Friday 2 May 2014

Hands-free Calls at the Wheel on the Rise

hand, steering wheelBrake, the road safety charity is renewing its call to ban hands-free kits, as its recent survey reveals that almost half (45%) of drivers admit to chatting when driving. While the use of hand-held phones by drivers has dropped, hands-free use has risen, likely to be linked to the mistaken belief that it is a safe alternative.

While the number of motorists who admit to talking on a hand-held phone when driving has dropped, hands-free use has risen by 16% in the last eight years.

Brake believes that the lack of a total ban has left many drivers unaware that using a mobile hands-free at the wheel is just as risky as using one hand-held.

It is the distraction of the conversation that causes the danger. Studies have shown the risk of being in a crash that causes injury is increased four times for drivers on both hand-held and hands-free phones with reactions 30% slower than driving at the UK drink drive limit, and 50% slower than under normal conditions.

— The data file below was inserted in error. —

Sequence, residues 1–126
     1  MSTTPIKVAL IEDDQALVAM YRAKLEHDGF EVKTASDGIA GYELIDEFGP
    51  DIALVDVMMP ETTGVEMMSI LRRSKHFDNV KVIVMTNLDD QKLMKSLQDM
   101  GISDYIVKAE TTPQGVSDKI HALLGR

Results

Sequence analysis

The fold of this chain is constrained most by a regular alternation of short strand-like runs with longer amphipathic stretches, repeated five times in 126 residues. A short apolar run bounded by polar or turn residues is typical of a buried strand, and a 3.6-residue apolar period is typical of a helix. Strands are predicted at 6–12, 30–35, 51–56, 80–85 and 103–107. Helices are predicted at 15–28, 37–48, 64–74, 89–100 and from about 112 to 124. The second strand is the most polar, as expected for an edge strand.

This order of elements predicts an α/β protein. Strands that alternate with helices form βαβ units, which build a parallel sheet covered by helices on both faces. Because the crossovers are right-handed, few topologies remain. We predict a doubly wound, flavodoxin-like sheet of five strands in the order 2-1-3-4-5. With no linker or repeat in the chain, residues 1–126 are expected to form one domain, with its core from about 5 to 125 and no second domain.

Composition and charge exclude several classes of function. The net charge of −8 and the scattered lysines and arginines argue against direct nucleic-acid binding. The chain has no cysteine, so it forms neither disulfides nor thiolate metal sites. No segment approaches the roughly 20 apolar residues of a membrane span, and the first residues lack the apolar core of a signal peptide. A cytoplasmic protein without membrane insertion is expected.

BRAKE. logo, charity, road safety
Brake and Direct Line's survey also found that texting at the wheel is a widespread menace, with 30% of all drivers admitting sending or reading messages while driving, and an even higher proportion of young drivers (age 18-24) doing so.

Brake's advice to motorists:

Using a phone and driving is a deadly combination and no call or message is ever worth a life. Drivers should put phones out of sight, earshot and reach when driving to avoid temptation, ideally in the boot. On long journeys, take regular breaks and use these to check messages or make calls.
Hands-free is a not a safe option; it's just as dangerous as using a mobile hand-held because of the mental distraction of the call.
Everyone can make a difference by refusing to speak to someone on the phone who's driving; politely but quickly end the call if they're at the wheel – it could save their life.

Follow Brake on Twitter:  @BrakeCharity

The Good Garage Scheme would like to thank the road safety charity, Brake, for its contribution to this week's blog. For more information about the work that Brake do and further results of the survey related to this article, please click here.

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